Six Central Americans who write the future of the region


Men and women from Central America have made their voices heard in different spheres throughout history.

In technology, space sciences, politics and sports there are hundreds of characters born in the region who have stood out for their triumphant battles.

This is how we tell the story of Central America in our special Bicentennial

In this edition, meet more than six characters who help write the future of the isthmus and outline the value of what has been done in Central America.

Luis Von Ahn: a genius of the 21st century

Luis Von Ahn is a very unconventional disruptor chapín on the altars of technological innovation worldwide. He invented captcha and recaptcha (the distorted words that Internet users must decipher and write on websites to prove that they are human and not machines) and sold it to Google.

With this tool he won the MacArthur Prize in 2006, known as “the award of genius” and Popular Science magazine designated him as one of the 50 best brains in science. He was 27 years old. He later created Duolingo, selected in 2013 by Apple as the best App in the educational sector.

In 2013 and 2014 it was the most downloaded education app on Google Play. Free education available to everyone. That is the engine of Duolingo and its creator.

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Duolingo has more than 300 million users and offers courses in English, French, German, Portuguese, Italian, Esperanto and Jopará for Spanish-speaking users; as well as Dutch, Danish, Swedish, Norwegian, Turkish, Russian, Hebrew, Irish, Ukrainian, among others. With ‘the language incubator’ they are developing new courses.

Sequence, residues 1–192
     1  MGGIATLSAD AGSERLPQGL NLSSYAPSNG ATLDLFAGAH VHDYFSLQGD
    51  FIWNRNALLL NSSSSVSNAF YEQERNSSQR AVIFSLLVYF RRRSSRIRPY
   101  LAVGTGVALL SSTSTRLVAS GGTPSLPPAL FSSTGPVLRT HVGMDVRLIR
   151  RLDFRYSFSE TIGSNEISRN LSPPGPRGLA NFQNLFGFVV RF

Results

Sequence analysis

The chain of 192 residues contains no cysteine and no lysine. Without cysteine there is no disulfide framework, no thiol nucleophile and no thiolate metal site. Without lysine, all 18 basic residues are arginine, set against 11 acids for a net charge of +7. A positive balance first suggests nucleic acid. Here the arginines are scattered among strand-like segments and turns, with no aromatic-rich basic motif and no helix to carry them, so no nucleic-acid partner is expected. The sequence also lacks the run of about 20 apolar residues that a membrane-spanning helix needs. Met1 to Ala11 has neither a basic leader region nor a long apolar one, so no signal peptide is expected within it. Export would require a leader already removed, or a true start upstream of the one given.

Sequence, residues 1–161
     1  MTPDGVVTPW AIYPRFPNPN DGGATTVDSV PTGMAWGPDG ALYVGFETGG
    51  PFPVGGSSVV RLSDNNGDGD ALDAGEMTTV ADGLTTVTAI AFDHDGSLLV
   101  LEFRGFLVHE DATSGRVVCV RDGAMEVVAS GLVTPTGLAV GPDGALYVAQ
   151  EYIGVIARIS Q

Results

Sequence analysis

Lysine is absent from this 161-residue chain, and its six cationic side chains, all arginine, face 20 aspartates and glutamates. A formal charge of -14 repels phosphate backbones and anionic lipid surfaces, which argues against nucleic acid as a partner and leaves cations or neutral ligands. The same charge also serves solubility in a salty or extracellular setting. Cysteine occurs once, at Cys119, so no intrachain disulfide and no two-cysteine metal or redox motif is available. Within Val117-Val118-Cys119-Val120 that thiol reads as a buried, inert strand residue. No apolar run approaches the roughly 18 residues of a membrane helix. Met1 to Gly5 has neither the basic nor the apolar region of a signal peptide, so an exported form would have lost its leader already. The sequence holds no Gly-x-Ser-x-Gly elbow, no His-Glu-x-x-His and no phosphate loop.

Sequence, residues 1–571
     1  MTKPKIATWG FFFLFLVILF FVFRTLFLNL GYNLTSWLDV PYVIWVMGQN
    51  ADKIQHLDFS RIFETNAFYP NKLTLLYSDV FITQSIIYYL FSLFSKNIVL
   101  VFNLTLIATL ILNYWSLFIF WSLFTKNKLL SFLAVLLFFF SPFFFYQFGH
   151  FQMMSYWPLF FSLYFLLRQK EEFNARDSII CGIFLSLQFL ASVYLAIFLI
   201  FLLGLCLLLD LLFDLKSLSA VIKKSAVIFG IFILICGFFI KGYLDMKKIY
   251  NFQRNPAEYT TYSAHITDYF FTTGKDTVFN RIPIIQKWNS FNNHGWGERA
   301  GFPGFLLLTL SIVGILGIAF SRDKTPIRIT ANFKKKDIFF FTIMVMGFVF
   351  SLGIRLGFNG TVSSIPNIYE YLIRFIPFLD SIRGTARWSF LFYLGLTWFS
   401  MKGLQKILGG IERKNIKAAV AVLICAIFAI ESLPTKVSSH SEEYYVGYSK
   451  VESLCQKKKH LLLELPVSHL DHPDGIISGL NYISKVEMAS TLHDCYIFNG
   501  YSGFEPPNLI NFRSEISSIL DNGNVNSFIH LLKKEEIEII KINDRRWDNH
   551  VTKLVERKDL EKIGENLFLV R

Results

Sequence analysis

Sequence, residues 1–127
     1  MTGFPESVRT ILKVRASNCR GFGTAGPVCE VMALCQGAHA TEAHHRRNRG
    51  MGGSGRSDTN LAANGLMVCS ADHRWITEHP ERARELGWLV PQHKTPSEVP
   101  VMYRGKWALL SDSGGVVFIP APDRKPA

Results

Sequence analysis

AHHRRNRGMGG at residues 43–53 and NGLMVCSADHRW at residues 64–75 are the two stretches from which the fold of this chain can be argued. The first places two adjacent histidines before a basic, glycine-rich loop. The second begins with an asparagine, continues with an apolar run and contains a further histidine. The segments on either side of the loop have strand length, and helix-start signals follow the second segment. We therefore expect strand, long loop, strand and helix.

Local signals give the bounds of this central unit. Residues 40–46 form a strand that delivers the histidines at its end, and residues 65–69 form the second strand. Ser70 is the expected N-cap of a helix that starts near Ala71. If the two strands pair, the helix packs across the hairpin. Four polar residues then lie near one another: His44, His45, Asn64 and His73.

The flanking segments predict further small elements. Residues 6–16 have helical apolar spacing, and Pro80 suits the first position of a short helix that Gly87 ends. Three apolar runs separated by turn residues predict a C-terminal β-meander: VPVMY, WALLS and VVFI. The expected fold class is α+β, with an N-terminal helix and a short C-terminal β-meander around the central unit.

Salvador Moncada: a very catracho Sir

Graduated from the University of El Salvador. He did specialized studies in Pharmacology at the University of London. He naturalized British and a member of the Royal Society and the Academy of Medical Sciences. A member of the research team on the pharmacological actions of prostaglandins, he was Director of Research at Welcome Laboratories (1986). Awarded for his scientific work with the Prince of Asturias Award for Scientific and Technical Research (1990).

In Honduras he received the José Cecilio del Valle National Science Prize, he was a candidate for the Nobel Prize in Medicine for his important findings on nitric oxide as a signaling molecule in the cardiovascular system. He holds the title of Sir, awarded by Queen Elizabeth II in January 2010.

Appointed Doctor Honoris Causa by the UNAH. He has given important lectures at prestigious universities and published research advances in renowned journals.

Promotes the Honduras Global Foundation with the aim of providing opportunities to young people aspiring to scientific work and lead their lives through the world of science. He published the book: “Nitric oxide: a new biological messenger”.

Crista Ramos: facing Donald Trump

This Salvadoran teenager has played an important role in defending the rights of migrants in the United States.

The story began when his mother was facing possible deportation from the US to El Salvador. At that time Crista was just 14 years old and she decided that she had to do something. Something very big.

Donald Trump wanted to end the Temporary Protected Status (TPS) program in 2018 and Crista stood up to him with a lawsuit to prevent the deportation of some 300,000 migrants (mostly Salvadorans; in total, the TPS benefits some 400,000 people of six nationalities: El Salvador, Haiti, Nicaragua, Sudan, Honduras and Nepal), including his mother, who had fled El Salvador in 1993 when she was just 12 years old.